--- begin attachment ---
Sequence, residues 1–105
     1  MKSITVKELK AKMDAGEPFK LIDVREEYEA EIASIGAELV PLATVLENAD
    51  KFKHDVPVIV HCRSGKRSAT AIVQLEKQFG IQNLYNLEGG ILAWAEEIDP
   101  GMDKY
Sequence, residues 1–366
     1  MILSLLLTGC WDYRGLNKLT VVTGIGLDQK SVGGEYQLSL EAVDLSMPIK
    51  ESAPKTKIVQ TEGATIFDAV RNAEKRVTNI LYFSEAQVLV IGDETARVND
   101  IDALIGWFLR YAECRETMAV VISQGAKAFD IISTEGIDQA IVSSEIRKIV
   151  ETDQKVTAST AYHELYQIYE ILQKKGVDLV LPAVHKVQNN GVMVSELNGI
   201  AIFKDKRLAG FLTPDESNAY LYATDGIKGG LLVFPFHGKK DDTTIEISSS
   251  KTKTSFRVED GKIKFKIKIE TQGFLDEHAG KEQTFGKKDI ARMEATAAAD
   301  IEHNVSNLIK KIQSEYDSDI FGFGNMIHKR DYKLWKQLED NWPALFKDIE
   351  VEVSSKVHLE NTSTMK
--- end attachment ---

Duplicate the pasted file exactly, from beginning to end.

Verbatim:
Sequence, residues 1–105
     1  MKSITVKELK AKMDAGEPFK LIDVREEYEA EIASIGAELV PLATVLENAD
    51  KFKHDVPVIV HCRSGKRSAT AIVQLEKQFG IQNLYNLEGG ILAWAEEIDP
   101  GMDKY
Sequence, residues 1–366
     1  MILSLLLTGC WDYRGLNKLT VVTGIGLDQK SVGGEYQLSL EAVDLSMPIK
    51  ESAPKTKIVQ TEGATIFDAV RNAEKRVTNI LYFSEAQVLV IGDETARVND
   101  IDALIGWFLR YAECRETMAV VISQGAKAFD IISTEGIDQA IVSSEIRKIV
   151  ETDQKVTAST AYHELYQIYE ILQKKGVDLV LPAVHKVQNN GVMVSELNGI
   201  AIFKDKRLAG FLTPDESNAY LYATDGIKGG LLVFPFHGKK DDTTIEISSS
   251  KTKTSFRVED GKIKFKIKIE TQGFLDEHAG KEQTFGKKDI ARMEATAAAD
   301  IEHNVSNLIK KIQSEYDSDI FGFGNMIHKR DYKLWKQLED NWPALFKDIE
   351  VEVSSKVHLE NTSTMK